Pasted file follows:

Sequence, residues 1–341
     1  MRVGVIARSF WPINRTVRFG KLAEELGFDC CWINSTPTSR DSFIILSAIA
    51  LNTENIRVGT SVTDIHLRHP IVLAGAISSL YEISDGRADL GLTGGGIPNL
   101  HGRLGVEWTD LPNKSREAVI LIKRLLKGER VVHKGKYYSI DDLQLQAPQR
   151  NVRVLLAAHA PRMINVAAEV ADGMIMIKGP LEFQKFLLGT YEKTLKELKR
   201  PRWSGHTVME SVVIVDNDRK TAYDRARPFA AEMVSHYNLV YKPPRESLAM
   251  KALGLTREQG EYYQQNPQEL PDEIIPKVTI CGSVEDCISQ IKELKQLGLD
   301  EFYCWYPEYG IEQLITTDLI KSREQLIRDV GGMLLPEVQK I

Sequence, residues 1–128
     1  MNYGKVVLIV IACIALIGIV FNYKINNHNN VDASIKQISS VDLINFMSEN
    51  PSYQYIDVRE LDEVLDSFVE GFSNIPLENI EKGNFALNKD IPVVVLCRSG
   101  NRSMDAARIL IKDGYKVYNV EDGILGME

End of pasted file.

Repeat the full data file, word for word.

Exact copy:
Sequence, residues 1–341
     1  MRVGVIARSF WPINRTVRFG KLAEELGFDC CWINSTPTSR DSFIILSAIA
    51  LNTENIRVGT SVTDIHLRHP IVLAGAISSL YEISDGRADL GLTGGGIPNL
   101  HGRLGVEWTD LPNKSREAVI LIKRLLKGER VVHKGKYYSI DDLQLQAPQR
   151  NVRVLLAAHA PRMINVAAEV ADGMIMIKGP LEFQKFLLGT YEKTLKELKR
   201  PRWSGHTVME SVVIVDNDRK TAYDRARPFA AEMVSHYNLV YKPPRESLAM
   251  KALGLTREQG EYYQQNPQEL PDEIIPKVTI CGSVEDCISQ IKELKQLGLD
   301  EFYCWYPEYG IEQLITTDLI KSREQLIRDV GGMLLPEVQK I

Sequence, residues 1–128
     1  MNYGKVVLIV IACIALIGIV FNYKINNHNN VDASIKQISS VDLINFMSEN
    51  PSYQYIDVRE LDEVLDSFVE GFSNIPLENI EKGNFALNKD IPVVVLCRSG
   101  NRSMDAARIL IKDGYKVYNV EDGILGME